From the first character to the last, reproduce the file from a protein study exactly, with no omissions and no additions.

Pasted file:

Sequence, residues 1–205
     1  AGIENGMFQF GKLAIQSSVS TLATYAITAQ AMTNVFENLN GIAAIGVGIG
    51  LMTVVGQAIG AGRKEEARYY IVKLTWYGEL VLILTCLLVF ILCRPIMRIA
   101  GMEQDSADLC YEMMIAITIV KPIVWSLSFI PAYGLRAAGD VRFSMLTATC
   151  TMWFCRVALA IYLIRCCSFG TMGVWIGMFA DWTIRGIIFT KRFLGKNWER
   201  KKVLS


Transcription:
Sequence, residues 1–205
     1  AGIENGMFQF GKLAIQSSVS TLATYAITAQ AMTNVFENLN GIAAIGVGIG
    51  LMTVVGQAIG AGRKEEARYY IVKLTWYGEL VLILTCLLVF ILCRPIMRIA
   101  GMEQDSADLC YEMMIAITIV KPIVWSLSFI PAYGLRAAGD VRFSMLTATC
   151  TMWFCRVALA IYLIRCCSFG TMGVWIGMFA DWTIRGIIFT KRFLGKNWER
   201  KKVLS